In recent years, we have experienced some divisive, confusing and turbulent times, with 2020 seeing us especially more isolated from one another than usual. Invariably, our main point of contact with friends and family has been through the use of technology and in particular social media. This in itself is no bad thing. However, I have noticed the atmosphere of Facebook in particular becoming ever more toxic.
I have been convinced for a while now that Facebook is inherently bad for mental health in some way and I freely admit that I, like many others have become addicted to it to the point of distraction.
I recently came across a computer scientist called Jaron Lanier, who was one of the pioneers of virtual reality. His recent work hits out very hard at social media and he not only confirms my suspicions but goes on to reveal how Facebook manipulates human behaviour in order to keep the user addicted and to harvest data. This Channel Four interview in particular explains the mechanism in great detail. I have watched it a number of times and have also purchased his audio book. Upon first watch and returning to scrolling my timeline as many of us do, I saw in glaring example exactly what he describes. It has been a tragic time watching lifelong friends tear into each other and this has been occurring over the last few years. This toxicity has escalated even more in the last few weeks and has become unbearable. Quite a few friends have commented on it.
The problem is that using this medium, the nuances of conversation are lost. Debate is difficult to do effectively. In black and white text, people see things in back and white, wrong and right, left and right in binary terms. The compulsion to be correct and to make others agree to your being correct is all powerful to the point that you believe everybody else is wrong. It often starts in a sarcastic manner and ends in all out flame war. Friends are readily unfriended or unfollowed and the art of discussion is crippled. Turns out it is all set out algorithmically and very deliberately. When I first posted the link to this video up, my timeline immediately became more toxic as if it were triggered to follow suit.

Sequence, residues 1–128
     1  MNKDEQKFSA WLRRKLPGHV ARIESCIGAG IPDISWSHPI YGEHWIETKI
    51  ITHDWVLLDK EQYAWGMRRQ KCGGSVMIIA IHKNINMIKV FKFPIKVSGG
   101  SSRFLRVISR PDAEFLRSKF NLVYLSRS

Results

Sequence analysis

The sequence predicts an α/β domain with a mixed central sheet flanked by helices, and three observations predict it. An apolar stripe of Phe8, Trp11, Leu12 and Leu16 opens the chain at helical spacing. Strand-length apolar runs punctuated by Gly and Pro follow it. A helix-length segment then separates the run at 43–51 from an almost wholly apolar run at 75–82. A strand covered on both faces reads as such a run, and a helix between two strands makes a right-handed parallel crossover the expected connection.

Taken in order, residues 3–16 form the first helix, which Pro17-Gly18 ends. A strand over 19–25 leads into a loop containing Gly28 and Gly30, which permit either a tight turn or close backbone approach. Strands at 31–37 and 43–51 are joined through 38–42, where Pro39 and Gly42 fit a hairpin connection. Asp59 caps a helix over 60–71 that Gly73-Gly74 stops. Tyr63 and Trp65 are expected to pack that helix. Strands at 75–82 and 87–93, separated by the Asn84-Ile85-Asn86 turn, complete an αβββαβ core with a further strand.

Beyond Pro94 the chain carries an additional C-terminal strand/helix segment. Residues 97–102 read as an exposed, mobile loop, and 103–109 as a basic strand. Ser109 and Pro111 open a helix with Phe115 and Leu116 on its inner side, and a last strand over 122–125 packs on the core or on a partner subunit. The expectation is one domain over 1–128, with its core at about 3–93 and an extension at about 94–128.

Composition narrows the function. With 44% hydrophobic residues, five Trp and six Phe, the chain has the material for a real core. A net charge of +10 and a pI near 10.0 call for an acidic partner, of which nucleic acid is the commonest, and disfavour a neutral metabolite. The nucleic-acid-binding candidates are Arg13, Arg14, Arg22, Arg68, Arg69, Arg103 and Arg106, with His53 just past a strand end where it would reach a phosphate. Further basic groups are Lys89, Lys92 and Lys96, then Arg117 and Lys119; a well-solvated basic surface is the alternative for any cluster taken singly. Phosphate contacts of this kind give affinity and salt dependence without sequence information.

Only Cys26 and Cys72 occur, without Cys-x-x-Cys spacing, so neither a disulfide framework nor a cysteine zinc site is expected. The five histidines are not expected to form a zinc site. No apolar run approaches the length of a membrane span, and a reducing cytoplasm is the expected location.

Does this mean Facebook is all bad? It has its uses for sure. I love keeping in touch with family and friends, some of whom I hardly ever get to see or communicate with otherwise (especially at the moment). For music, it has become an invaluable tool, not only for promoting my own work but discovering and keeping in touch with other like-minded people, booking gigs and finding out about new gigs. If I could find a way of effectively doing these things without using Facebook, it would be gone in a breath.
When I have had breaks from it in the past, I’ve stated that people can email or text me to keep in touch. For some reason, many people have a real aversion to using email and both of these methods tend to be point to point communications, rather than community/group based. So for the foreseeable, Facebook remains a necessary evil. In order to reduce my online footprint (or attempt to), I have created a new, replacement Facebook account which I have resolved to use solely for the purposes outlined above and the deletion of the old will take with it old comments, posts, superfluous groups and pages.
I’m not particularly looking to reduce my Facebook friendships so welcome adds from friends of the old account. I do aim to use it less going forward but ironically I’ll have to use it more for a little while whilst I administer setting up the new account and eventually ditch the old.
As always thanks for reading and for your own sanity, I urge you to please watch the interview. you’ll find yourself nodding in embarrassed agreement as Jaron explains just how we have all been played by this system.
Be kind to each other and don’t let the bastards grind you down!